Organization for Economic Co-operation and Development, France, 1998

Synthesis of Active Traffic Management Experiences in Europe and the United States
This report provides a compilation of lessons learned, experiences, operational results, and benefits associated with active traffic management applications.
Federal Highway Administration (FHWA), 2010
Europe and US

Walking and Cycling International Literature Review
This report presents the findings from a literature review aiming to help professionals understand barriers to walking and cycling as well as infrastructure and policy supports for nonmotorized transportation.
Victoria Department of Transport, 2009

Walking, Cycling, and Obesity Rates in Europe, North America, and Australia
This study was designed to examine the relationship between active transportation and obesity rates in different countries.
Journal of Physical Activity and Health, 2008

Why Canadians Cycle More Than Americans: A Comparative Analysis of Bicycling Trends and Policies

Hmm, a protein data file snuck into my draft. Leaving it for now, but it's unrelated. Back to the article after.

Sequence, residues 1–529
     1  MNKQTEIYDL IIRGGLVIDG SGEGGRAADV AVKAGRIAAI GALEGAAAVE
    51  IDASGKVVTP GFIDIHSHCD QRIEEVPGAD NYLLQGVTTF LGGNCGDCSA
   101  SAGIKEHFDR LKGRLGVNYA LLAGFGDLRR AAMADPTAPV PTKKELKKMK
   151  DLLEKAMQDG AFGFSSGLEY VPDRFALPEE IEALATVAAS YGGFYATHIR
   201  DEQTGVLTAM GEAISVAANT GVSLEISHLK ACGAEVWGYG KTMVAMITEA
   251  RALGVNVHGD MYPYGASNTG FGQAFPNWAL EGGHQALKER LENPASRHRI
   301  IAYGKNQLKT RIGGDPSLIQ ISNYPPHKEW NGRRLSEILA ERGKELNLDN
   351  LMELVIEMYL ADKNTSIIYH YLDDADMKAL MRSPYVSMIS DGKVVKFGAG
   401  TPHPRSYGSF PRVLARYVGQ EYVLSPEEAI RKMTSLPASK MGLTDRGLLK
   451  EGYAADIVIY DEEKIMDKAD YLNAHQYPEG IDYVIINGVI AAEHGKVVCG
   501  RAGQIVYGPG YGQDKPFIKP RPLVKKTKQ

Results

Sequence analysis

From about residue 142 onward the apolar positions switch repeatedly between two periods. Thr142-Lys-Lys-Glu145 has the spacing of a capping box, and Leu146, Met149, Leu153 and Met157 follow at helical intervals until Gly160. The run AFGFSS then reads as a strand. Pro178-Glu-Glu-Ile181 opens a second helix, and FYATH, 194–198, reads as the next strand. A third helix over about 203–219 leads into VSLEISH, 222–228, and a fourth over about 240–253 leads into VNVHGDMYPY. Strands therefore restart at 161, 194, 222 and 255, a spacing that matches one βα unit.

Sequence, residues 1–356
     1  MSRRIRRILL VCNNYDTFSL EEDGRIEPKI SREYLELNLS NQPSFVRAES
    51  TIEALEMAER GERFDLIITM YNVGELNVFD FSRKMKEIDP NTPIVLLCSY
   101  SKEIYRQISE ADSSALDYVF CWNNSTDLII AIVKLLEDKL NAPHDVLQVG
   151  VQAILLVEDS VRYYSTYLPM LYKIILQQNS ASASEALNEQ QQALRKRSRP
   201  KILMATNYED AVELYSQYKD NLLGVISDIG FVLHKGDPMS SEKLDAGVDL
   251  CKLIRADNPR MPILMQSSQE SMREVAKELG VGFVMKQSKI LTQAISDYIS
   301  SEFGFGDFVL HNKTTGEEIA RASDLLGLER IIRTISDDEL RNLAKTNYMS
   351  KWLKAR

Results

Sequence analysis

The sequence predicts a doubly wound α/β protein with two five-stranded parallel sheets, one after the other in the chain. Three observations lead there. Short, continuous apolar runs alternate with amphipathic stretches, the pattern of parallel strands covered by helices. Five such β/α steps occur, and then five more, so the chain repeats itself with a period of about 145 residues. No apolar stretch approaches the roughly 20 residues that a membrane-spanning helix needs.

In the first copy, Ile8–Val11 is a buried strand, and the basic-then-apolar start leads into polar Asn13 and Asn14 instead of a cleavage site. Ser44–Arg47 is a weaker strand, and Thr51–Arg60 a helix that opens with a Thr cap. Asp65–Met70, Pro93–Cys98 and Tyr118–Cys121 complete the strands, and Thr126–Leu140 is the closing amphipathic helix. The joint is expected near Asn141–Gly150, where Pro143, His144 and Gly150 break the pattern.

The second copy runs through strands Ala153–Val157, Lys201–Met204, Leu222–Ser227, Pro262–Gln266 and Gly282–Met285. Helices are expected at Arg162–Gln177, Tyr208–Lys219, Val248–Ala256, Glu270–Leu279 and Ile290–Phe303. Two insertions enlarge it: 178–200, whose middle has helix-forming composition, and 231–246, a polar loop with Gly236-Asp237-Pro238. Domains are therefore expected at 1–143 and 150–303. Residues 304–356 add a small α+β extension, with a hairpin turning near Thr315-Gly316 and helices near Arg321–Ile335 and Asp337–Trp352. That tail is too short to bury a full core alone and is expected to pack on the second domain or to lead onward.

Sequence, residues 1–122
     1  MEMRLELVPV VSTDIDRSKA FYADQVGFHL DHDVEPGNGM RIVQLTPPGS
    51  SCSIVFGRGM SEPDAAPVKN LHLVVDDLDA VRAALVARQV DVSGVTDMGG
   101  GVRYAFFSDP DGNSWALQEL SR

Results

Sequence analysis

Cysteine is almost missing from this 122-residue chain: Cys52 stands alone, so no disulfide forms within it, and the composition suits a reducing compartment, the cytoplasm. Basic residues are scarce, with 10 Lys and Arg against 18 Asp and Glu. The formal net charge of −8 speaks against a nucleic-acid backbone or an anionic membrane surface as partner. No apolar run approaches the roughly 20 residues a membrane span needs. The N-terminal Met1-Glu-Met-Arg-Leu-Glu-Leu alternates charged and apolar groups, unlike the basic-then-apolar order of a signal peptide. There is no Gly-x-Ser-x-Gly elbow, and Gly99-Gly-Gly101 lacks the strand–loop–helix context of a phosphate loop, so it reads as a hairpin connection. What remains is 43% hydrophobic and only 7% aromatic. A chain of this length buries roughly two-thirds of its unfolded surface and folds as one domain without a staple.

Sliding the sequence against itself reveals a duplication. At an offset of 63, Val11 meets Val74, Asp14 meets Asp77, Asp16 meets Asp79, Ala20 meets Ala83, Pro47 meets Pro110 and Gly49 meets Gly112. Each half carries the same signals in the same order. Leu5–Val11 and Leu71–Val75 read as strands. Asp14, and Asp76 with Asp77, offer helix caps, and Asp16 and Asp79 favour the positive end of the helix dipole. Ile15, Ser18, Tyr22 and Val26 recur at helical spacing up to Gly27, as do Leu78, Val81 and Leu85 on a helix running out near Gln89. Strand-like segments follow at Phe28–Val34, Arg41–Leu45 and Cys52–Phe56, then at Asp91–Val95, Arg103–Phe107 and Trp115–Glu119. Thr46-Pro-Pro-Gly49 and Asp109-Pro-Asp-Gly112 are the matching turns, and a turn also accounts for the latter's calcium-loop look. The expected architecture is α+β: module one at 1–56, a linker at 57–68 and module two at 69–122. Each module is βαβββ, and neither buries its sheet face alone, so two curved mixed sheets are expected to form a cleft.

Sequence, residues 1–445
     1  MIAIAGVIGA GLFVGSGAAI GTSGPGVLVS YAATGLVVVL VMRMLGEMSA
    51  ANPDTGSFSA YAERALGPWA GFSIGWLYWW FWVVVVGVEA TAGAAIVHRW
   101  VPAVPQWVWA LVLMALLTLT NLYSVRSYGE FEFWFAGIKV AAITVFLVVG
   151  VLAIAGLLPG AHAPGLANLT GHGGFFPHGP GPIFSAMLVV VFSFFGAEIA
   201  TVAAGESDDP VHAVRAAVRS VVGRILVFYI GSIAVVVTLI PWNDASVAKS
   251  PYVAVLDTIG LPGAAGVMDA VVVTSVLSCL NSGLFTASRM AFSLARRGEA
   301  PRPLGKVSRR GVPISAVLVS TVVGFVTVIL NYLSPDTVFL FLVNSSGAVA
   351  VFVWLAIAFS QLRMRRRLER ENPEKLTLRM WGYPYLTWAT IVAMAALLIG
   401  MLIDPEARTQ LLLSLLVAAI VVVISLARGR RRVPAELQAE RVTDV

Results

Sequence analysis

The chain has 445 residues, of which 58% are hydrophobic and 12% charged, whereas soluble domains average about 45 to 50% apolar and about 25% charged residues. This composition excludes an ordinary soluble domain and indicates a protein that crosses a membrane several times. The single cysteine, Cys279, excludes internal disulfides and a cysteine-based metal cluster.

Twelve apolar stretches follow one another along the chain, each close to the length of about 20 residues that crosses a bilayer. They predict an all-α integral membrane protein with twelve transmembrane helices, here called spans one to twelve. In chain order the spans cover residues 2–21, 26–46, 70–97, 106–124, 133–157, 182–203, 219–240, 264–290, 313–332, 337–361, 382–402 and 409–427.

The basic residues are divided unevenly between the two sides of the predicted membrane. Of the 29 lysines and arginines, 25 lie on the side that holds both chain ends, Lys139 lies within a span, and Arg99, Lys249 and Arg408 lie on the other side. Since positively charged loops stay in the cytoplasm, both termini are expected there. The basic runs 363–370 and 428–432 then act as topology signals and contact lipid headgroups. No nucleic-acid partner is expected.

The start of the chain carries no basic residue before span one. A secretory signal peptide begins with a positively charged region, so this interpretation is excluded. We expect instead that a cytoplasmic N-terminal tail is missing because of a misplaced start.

This paper looks at the reasons by Canadians cycle approximately 3 times more frequently than Americans.
Transport Policy, 2006

The role of traffic violations in police-reported bicycle crashes in Queensland
This study examines the role of traffic violations in the 6774 police-reported bicycle crashes in Queensland between January 2000 and December 2008.
Centre for Accident Research and Road Safety-Queensland, Queensland University of Technology, 2010

Pedestrian Crash Trends and Potential Countermeasures from Around the World
As automobile transportation continues to increase around the world, bicyclists, pedestrians, and motorcyclists, also known as Vulnerable Road Users (VRU), will become more susceptible to traffic crashes.
Pedestrian and Bicycle Information Center (PBIC), 2010

Cycling Trends and Policies in Canadian Cities
This study evalutates bicycling trends and policies in six Canadian cities: Montreal, Quebec City, Ottawa, Toronto, Vancouver, and Victoria.
Rutgers University, 2005